LONDON (Reuters) - The world’s oldest surviving Rolls-Royce revved up two new records on Monday when a private British collector paid 3.5 million pounds for it at auction.
The price makes the veteran vehicle not only the most ever paid for a pre-1905 car but also the most for a Rolls-Royce.
“They opened the bidding at one million and it soared from there. In the end it came down to a battle between two telephone bidders,” a spokeswoman for auction house Bonhams said.
The previous record for a veteran car was the 1.76 million pounds paid for an 1884 De Dion Bouton, while that for a Rolls-Royce was the 1.48 million pounds paid for a 1912 Silver Ghost Double Pullman Limousine
Built in 1904, car 20154, a small 10 horsepower open-topped two-seater, is only the fourth vehicle produced by the landmark cooperation between Charles Rolls and Henry Royce and the oldest one still running.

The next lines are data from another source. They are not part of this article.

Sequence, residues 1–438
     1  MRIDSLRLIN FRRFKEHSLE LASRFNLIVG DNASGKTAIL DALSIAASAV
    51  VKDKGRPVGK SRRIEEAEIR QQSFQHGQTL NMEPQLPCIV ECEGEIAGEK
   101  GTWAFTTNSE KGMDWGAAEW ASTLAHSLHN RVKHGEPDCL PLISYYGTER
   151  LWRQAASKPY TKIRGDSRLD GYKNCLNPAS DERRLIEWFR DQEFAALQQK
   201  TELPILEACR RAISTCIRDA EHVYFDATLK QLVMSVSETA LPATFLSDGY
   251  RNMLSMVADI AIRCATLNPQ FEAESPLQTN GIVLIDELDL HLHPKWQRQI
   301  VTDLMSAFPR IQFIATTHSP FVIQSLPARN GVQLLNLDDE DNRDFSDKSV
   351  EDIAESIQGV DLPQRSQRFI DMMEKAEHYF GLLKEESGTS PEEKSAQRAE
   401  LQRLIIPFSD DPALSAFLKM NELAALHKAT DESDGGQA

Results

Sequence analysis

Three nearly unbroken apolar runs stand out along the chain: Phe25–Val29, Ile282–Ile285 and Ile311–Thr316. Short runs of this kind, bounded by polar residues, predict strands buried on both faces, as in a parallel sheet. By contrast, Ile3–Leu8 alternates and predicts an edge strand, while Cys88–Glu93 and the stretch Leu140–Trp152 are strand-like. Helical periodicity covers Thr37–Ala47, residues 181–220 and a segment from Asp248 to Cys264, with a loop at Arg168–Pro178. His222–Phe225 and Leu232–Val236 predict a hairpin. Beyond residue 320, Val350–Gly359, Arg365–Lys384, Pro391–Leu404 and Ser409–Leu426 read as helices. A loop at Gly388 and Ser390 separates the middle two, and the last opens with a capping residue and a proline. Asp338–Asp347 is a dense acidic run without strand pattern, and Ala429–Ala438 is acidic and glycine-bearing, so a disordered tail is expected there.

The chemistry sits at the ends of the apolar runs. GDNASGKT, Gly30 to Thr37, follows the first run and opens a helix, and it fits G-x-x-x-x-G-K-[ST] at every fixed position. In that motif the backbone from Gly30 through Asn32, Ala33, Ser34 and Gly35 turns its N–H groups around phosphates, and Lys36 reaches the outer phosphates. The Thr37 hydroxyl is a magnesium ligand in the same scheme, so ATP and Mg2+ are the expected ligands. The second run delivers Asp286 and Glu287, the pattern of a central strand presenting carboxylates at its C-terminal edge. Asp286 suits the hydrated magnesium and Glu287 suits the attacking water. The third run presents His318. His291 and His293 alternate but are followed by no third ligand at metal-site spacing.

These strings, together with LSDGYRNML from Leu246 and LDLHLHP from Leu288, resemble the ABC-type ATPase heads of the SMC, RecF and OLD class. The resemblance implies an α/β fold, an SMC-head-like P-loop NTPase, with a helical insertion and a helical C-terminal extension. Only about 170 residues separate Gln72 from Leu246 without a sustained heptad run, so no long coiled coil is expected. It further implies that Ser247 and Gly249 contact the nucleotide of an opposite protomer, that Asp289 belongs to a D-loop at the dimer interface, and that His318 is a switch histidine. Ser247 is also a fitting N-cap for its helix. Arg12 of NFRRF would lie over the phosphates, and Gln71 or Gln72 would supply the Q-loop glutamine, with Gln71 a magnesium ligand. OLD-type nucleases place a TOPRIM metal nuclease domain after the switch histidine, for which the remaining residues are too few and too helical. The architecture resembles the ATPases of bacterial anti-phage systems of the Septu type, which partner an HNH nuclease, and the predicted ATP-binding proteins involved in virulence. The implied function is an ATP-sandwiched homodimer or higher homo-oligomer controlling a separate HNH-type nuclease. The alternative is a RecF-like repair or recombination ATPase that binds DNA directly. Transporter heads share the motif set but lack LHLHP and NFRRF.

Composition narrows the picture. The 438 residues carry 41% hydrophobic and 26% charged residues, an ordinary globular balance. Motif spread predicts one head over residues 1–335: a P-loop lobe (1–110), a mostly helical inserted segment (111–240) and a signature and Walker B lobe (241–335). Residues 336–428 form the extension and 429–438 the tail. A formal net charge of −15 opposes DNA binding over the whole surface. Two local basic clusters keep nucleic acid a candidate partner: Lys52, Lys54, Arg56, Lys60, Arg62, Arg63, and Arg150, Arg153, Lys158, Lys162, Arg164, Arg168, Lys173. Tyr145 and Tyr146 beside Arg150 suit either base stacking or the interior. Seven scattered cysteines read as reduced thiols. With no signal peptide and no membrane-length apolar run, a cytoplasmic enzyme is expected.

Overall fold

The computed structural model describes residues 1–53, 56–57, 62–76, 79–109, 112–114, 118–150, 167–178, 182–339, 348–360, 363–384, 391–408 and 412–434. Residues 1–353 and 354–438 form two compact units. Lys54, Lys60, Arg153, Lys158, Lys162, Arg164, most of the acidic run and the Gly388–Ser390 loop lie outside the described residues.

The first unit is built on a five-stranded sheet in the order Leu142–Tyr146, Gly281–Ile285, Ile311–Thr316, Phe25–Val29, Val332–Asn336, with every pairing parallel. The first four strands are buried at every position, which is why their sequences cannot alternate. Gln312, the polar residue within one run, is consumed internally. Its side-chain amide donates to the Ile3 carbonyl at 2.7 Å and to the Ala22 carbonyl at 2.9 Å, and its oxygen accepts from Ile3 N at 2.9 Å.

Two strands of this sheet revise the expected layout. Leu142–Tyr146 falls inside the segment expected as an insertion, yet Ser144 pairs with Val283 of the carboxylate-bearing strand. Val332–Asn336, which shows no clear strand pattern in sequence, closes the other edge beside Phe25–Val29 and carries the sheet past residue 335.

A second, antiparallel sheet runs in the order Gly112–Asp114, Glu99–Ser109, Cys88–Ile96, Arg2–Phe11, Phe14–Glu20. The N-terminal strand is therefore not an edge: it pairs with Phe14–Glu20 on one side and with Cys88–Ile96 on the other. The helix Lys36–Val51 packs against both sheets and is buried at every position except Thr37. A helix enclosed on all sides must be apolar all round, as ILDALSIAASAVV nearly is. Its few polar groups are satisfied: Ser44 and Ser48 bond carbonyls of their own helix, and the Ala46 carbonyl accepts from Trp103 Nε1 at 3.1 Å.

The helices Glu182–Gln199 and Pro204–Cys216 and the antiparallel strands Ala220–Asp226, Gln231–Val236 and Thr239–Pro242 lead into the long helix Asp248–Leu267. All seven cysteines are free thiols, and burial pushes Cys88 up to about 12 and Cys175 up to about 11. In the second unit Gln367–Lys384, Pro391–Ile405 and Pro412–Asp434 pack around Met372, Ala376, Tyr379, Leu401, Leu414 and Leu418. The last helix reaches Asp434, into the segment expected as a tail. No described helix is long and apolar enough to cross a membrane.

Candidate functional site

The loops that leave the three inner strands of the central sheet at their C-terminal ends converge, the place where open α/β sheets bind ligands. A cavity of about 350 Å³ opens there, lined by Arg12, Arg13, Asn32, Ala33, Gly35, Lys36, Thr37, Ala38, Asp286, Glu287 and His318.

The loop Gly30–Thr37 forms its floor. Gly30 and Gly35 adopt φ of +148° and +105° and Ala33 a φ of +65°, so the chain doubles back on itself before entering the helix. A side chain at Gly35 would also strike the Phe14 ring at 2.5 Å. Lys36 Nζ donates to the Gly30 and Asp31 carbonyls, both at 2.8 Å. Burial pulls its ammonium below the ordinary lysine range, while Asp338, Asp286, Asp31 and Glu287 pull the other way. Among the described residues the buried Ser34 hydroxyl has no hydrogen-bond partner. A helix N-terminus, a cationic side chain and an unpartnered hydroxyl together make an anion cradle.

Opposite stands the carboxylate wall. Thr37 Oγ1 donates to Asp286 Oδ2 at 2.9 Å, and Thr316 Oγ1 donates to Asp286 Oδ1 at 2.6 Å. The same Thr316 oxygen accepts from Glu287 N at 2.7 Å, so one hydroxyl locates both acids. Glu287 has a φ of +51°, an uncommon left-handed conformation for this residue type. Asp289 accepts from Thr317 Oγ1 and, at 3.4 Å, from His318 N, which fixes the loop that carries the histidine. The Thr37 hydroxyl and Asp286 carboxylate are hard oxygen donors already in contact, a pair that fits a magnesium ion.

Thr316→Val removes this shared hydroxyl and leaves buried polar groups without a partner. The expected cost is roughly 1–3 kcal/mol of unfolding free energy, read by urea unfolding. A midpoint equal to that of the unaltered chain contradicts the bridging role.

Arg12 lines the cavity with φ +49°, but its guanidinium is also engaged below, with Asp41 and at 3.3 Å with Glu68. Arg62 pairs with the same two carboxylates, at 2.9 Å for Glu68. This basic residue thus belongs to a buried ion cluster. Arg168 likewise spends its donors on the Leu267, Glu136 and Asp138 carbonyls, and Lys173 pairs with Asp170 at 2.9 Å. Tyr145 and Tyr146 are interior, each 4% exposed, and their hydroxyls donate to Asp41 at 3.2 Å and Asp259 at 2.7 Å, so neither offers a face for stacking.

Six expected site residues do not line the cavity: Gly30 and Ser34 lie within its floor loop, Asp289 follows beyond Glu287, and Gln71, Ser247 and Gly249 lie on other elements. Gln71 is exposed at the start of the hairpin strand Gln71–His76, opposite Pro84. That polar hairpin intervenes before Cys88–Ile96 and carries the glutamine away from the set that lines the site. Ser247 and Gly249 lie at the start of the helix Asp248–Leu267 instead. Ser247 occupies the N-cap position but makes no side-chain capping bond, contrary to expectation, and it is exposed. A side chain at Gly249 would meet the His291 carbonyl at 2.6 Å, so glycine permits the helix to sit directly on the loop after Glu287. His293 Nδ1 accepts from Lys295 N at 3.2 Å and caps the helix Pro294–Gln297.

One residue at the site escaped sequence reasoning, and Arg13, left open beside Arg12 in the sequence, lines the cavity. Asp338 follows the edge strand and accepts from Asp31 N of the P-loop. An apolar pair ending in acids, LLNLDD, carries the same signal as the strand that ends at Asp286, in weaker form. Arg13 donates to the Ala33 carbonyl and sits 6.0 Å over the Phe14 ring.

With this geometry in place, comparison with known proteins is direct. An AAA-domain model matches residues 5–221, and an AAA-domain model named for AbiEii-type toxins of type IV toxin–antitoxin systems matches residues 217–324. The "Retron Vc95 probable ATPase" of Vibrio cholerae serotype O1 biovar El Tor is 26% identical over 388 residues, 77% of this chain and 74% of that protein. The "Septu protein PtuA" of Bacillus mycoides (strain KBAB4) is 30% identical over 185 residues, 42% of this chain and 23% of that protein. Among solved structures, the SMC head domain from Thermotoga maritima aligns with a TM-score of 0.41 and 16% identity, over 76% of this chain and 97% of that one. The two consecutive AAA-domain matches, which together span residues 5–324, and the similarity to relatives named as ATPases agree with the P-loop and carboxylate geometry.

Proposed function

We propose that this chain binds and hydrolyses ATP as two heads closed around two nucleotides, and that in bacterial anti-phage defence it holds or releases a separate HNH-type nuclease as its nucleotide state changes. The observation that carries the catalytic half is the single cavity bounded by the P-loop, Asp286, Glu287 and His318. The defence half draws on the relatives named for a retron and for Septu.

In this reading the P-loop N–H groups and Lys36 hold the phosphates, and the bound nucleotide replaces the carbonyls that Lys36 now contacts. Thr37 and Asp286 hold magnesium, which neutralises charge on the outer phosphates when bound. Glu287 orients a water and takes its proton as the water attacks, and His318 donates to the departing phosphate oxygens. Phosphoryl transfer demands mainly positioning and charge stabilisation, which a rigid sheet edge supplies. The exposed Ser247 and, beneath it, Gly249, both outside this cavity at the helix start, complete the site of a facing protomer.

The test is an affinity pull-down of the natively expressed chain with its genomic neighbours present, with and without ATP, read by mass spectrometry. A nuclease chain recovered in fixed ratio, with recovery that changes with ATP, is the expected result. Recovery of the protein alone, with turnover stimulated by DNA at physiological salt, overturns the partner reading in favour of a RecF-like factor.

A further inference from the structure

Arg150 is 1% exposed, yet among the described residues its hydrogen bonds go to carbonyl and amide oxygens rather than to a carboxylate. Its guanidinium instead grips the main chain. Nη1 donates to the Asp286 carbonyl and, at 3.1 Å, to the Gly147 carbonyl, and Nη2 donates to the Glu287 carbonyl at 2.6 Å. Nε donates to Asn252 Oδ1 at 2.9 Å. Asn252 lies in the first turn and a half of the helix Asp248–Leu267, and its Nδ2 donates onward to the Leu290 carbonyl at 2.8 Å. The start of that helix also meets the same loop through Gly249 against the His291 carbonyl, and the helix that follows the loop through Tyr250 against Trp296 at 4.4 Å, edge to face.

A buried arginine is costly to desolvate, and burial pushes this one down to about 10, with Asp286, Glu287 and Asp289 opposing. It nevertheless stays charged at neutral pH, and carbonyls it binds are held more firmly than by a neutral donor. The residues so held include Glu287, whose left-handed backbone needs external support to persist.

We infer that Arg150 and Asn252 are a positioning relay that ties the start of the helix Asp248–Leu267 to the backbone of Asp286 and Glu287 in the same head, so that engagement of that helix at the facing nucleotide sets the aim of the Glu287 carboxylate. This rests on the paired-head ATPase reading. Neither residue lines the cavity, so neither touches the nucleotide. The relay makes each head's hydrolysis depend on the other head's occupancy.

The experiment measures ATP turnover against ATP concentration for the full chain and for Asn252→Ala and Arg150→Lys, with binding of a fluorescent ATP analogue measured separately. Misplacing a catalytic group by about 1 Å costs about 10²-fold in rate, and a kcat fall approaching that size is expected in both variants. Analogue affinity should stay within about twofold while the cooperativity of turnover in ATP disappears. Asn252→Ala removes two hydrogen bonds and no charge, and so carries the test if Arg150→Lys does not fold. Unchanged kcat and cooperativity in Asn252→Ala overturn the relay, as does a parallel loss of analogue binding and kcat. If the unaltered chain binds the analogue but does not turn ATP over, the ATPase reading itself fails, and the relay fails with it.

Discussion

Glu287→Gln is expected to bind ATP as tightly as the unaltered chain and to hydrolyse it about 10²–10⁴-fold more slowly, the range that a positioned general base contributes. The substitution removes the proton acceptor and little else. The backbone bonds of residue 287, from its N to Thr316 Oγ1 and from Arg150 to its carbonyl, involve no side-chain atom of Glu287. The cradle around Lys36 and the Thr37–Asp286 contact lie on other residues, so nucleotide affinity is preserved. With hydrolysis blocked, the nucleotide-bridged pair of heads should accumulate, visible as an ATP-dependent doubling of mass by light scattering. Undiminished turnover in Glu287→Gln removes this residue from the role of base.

“It is in perfect condition after loving restoration in the 1950s. 20154 is a runner. The purchaser could get in and drive it away,” said Tim Schofield, head of UK motor sales.
“You would just need to tickle the carburettor, make sure the battery has a bit of life in it, remove the sleeve from the starter handle and give it a couple of turns,” he told Reuters.
The car -- licence plate U 44 -- was first exhibited at The Paris Salon in the late Autumn of 1904.
Rolls-Royce records confirm delivery from the Manchester Works in November that year, and it was displayed at the Olympia Show in London in February 1905.
That year it was briefly driven by a Doctor Briggs -- probably as a trial -- before passing to Kenneth Gillies of Tain in Scotland.
Some while later it was given to Percy Binns of Harrogate, Yorkshire, as a 21st birthday present.
He owned it for 30 years but neglected it until 1950 when it was seen and acquired from him by Rolls-Royce enthusiast and speedway star Oliver Langton who restored it to its red leather and gleaming brass glory.
“This car is the only Rolls-Royce qualifying on the basis of its pre-1905 date to take part in the London to Brighton Veteran Car Run, which makes it extra special,” said Schofield.
It first ran the prestigious rally in 1954.
Reporting by Jeremy Lovell; editing by Paul Casciato
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